Cocaine, punch-ups and hen-dos: The dark side of life as a Door Supervisor in Newcastle city centre

It is a job where violence is never too far away.

One moment you can be taking pictures with a bride-to-be, the next a brawl erupts on the dancefloor.

According to one Door Supervisor, working on the doors in Newcastle city centre can be as violent as it gets.

“There is almost always trouble,” said the Door Supervisor who asked not to be named.

He claims the trouble is fuelled by either booze or the increasing use of Class A drugs.

“I think people would be surprised by just how many drugs are out there on a night out,” he said.

“If you spent an hour in the toilet, you would catch at least 10 people doing cocaine.”

The Door Supervisor, who has worked for venues across the North East, said part of his job is to stop drugs coming into the bars and to identify those dealing inside.

He claims drugs are being sold in smaller batches – a strategy which makes them more affordable.

body worn camera

And he believes this encourages teenagers and students to try the illegal substances.

“We are finding it on more and more teenagers,” the Door Supervisor said.

“I can’t think of a possible shift where you wouldn’t confiscate something from someone.

“Another thing I’m seeing more and more of is weapons, and even stuff like CS gas.

“People are able to buy it for about £10 online and it is scary what people come armed with these days.”

Despite claims gas is becoming more frequent in nightclubs, police say it isn’t a trend they are seeing in the city.

“Our reports do not show an increase in the number of individuals in possession of CS spray in the city centre, or a trend of individuals carrying it in the night time economy,” said Newcastle city centre Chief Inspector Steve Wyke.

“If people are carrying this spray then it should be reported to police as they are committing a criminal offence.”

The Door Supervisor said security don’t always report everything to the police.

He said it is often quicker – and less hassle – to just dispose of the contraband and eject the culprit.

But often ejection can lead to violence.

For a Door Supervisor, defusing a punch-up is part of the job.

However, having worked all over Newcastle, he claims violence often unfolds where you’d least expect it.

“When you go right into the city centre, you find the customers a lot of the time are quite jovial,” he said.

“If there is any trouble, you often find because they only want a few drinks before moving on, you don’t have a lot of backlash in trying to get them out and away from the scene.

“It is when you move further away from the centre, the pubs where people go week in, week out.

“These places have a regular customer base, and what makes it harder is often these people are there all night and eventually there is a flashpoint between them. They are regulars though, so they are harder to get to go and not as happy to just move on.”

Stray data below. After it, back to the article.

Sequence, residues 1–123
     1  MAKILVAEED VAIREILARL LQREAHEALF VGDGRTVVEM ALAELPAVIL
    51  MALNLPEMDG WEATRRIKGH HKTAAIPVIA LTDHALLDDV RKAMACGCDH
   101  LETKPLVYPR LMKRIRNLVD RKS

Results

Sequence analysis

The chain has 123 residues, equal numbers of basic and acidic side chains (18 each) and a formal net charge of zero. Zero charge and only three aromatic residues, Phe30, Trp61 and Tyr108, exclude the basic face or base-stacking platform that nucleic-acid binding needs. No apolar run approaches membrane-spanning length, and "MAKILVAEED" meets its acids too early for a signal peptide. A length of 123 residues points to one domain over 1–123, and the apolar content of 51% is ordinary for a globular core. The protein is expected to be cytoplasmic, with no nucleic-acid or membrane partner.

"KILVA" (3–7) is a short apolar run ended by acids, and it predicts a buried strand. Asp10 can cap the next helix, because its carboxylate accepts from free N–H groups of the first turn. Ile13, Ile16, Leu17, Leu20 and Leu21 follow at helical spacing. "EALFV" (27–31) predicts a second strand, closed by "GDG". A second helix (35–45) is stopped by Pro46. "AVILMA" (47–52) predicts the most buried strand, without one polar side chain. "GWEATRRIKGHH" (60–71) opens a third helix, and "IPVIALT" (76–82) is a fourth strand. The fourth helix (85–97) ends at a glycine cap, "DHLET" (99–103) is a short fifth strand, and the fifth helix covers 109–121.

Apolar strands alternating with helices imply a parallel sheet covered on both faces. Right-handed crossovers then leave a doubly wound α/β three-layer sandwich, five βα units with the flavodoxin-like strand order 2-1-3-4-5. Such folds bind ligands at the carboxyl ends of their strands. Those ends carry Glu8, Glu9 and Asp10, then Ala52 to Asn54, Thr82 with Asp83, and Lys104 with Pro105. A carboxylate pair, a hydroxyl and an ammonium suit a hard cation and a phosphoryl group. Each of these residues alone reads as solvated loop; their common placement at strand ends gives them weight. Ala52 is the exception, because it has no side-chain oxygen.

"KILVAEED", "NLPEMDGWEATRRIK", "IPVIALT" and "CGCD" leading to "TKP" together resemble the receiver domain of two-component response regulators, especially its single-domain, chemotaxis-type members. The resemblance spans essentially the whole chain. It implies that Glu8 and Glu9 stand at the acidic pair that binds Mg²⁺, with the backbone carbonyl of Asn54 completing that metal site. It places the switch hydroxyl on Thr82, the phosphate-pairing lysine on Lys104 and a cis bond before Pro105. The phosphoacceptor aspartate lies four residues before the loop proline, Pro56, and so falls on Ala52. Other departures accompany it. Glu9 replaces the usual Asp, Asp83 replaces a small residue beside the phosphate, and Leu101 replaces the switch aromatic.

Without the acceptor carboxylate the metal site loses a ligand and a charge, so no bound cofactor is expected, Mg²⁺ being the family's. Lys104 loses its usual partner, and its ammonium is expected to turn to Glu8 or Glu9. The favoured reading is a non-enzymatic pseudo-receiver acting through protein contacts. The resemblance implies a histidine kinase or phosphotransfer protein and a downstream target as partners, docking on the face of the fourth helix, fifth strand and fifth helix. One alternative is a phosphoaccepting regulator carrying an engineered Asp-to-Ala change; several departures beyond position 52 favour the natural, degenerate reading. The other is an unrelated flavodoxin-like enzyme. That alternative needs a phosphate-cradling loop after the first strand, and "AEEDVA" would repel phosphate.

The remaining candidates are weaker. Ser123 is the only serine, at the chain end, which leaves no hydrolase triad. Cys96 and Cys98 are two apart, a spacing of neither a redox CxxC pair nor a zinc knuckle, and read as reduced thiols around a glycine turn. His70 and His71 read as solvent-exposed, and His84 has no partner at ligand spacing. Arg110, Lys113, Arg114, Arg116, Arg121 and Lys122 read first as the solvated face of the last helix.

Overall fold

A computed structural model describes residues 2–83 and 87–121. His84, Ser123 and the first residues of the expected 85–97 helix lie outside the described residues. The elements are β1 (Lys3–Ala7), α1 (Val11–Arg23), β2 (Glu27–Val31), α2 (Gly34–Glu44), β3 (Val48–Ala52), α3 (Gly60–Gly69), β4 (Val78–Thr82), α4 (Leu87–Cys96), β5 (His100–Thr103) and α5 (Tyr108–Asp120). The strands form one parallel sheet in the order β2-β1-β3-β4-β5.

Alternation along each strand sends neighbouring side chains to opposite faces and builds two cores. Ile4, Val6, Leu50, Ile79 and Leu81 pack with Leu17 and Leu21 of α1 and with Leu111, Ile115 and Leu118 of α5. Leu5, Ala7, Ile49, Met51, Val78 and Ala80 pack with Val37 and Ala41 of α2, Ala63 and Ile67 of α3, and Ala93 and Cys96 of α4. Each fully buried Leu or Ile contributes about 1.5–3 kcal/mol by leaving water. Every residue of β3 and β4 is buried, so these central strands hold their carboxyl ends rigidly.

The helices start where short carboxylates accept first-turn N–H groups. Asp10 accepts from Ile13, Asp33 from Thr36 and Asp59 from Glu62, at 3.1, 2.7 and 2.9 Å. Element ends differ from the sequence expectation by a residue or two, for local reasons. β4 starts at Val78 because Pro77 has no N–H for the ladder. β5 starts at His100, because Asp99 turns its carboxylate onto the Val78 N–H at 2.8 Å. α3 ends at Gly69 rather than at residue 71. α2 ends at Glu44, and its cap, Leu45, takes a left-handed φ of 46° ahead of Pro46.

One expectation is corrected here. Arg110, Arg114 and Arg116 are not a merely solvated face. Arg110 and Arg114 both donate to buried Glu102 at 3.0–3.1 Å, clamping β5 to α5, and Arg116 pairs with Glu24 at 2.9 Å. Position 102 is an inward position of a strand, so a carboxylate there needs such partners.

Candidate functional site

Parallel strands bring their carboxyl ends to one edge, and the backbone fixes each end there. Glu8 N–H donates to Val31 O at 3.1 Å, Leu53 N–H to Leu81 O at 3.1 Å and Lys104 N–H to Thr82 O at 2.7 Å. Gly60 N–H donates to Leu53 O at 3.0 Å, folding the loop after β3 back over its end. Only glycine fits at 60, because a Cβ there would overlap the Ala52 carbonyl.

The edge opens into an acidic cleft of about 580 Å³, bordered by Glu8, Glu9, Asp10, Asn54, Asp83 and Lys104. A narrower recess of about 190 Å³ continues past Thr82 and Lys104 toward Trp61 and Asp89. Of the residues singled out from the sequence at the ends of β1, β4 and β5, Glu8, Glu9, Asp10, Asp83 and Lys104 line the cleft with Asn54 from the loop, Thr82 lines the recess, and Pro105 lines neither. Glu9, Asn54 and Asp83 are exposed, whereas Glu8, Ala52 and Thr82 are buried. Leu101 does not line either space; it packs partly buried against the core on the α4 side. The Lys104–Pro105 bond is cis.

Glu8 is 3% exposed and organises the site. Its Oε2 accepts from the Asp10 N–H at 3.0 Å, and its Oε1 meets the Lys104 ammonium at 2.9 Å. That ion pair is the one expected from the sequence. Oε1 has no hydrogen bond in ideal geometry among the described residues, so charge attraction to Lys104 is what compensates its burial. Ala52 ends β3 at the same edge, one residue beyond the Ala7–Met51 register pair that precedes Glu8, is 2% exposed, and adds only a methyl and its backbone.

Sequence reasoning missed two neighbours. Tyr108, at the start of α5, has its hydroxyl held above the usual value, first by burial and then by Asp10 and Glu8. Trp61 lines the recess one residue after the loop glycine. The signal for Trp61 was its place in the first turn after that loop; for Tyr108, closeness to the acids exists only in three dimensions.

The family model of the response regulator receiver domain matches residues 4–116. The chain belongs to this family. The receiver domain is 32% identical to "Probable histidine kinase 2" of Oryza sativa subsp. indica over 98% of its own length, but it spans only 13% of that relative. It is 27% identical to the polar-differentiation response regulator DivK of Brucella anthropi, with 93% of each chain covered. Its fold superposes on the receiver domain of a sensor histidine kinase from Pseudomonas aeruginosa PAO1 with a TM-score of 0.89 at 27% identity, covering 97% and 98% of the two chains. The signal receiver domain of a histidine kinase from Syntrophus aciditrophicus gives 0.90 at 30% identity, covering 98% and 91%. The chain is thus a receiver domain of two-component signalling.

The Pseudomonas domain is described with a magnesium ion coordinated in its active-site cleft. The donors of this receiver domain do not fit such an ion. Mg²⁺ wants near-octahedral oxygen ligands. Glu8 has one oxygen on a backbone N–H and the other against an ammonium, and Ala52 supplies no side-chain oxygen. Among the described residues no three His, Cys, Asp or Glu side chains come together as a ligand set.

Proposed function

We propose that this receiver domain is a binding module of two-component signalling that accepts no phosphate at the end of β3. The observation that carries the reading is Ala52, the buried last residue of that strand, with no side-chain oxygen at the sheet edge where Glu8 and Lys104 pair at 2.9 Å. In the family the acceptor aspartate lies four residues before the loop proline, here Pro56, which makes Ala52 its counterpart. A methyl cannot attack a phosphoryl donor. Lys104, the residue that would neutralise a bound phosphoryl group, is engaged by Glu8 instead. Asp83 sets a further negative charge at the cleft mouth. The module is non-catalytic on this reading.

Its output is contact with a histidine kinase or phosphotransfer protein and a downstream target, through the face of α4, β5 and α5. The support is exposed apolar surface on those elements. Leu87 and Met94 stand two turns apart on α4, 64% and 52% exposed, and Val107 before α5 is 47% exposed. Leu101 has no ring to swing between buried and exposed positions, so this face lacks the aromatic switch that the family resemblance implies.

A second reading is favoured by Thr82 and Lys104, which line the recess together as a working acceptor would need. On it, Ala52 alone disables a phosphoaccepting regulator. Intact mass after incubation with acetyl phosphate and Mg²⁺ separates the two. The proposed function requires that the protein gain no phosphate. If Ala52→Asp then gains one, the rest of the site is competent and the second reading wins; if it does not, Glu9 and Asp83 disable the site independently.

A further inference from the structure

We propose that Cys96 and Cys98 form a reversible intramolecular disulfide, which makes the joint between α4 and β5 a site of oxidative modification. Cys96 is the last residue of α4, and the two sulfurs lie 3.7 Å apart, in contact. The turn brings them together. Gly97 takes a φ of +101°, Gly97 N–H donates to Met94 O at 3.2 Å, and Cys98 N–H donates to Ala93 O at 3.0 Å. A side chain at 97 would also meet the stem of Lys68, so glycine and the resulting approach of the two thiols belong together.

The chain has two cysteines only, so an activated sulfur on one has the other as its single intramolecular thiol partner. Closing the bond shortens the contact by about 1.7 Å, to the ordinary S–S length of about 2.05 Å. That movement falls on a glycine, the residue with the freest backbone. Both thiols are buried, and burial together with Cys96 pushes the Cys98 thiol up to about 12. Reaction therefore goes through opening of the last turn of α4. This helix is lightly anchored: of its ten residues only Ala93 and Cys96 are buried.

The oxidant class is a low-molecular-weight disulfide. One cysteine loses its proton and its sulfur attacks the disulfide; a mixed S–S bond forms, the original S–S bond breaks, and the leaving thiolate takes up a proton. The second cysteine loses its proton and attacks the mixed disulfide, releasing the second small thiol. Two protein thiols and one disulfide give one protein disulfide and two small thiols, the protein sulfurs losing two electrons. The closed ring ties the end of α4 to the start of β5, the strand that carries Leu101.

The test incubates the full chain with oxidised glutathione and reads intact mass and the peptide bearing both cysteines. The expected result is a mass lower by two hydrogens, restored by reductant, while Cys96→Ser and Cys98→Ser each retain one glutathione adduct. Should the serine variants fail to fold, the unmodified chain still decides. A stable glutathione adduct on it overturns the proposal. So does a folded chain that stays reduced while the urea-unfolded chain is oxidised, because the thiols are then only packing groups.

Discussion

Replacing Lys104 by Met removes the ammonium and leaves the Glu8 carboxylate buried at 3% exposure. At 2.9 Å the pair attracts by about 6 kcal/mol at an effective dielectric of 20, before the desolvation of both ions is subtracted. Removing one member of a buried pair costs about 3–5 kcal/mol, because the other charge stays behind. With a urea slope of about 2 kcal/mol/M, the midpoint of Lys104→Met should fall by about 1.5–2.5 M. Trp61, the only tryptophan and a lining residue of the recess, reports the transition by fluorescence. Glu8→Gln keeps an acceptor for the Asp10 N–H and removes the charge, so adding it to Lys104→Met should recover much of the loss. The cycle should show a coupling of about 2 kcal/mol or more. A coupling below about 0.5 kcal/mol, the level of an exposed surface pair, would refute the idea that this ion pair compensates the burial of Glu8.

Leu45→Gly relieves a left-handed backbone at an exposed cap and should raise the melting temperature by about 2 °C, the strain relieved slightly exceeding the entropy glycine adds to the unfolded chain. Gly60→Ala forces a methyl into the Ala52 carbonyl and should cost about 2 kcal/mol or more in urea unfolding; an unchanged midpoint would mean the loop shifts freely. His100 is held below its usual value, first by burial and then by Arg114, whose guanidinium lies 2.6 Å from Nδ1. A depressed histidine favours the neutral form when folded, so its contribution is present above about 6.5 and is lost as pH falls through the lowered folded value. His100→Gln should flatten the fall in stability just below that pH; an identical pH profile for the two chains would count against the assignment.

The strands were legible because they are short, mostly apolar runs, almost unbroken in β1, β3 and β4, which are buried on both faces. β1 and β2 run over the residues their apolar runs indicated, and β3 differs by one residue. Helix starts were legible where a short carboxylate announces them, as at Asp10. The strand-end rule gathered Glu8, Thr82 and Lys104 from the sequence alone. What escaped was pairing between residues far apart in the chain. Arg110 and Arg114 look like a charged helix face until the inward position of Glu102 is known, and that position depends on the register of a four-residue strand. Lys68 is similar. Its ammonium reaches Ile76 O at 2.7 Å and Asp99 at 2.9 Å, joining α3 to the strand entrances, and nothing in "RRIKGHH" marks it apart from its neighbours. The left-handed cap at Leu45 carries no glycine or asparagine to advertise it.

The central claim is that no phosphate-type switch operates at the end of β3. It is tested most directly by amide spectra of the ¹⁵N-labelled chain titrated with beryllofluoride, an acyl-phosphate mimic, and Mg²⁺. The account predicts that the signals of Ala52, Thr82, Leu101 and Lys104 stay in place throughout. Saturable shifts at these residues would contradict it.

Once vilified as bullies and thugs, modern Door Supervisors are a breed apart from the doormen of yesteryear.

The Door Supervisor said communication is key in potentially hostile environments where their limits are frequently tested.

The threat of violence often means doorstaff need to be ready if trouble erupts.

“A lot of the time it is the people who are visiting who cause the trouble,” the Door Supervisor said.

“They lose their inhibitions and they are going out with their party heads on rather than just for a drink.

“Because they are away from home they know that they won’t get recognised if there is any bother by their workmates.

“A lot of the time it is also just people pushing the boundaries, and with the binge drinking mentality and the frivolous use of cocaine, it is harder and harder to keep a cap on it.”

Inspector Wykes insists staffing levels haven’t changed, while other tactics – namely CCTV and undercover officers – are used to help police the city at night.

“We have a fantastic relationship with door staff across Newcastle and they have been really important in making the city centre such a safe place,” he added.

“Many of them have engaged in vulnerability training to help safeguard partygoers and have great links in to police to report when any criminal offences have taken place.

“I won’t pretend that police resourcing isn’t a challenge but I want to make it clear that we have not reduced the number of officers who police our busy city centres and still have a highly visible presence across the city to keep people safe both during the day and in the evenings.

“It is impossible for us to have an officer on every street corner but our response to incidents is very quick and we have extensive CCTV coverage of the city.

“We have widely publicised our Operation Cloak scheme that sees plain clothed officers deployed across the night-time economy so we will not always be in uniform.

“We have also been very proactive when it comes to drug use in bars and nightclubs but I must stress that this isn’t a new problem, nor is it something that is exclusive to Newcastle.

“There have been a number of high profile court cases that show we take a zero-tolerance to drug dealing in the city centre and the robust response will continue.”

Source – Chronicle live

 

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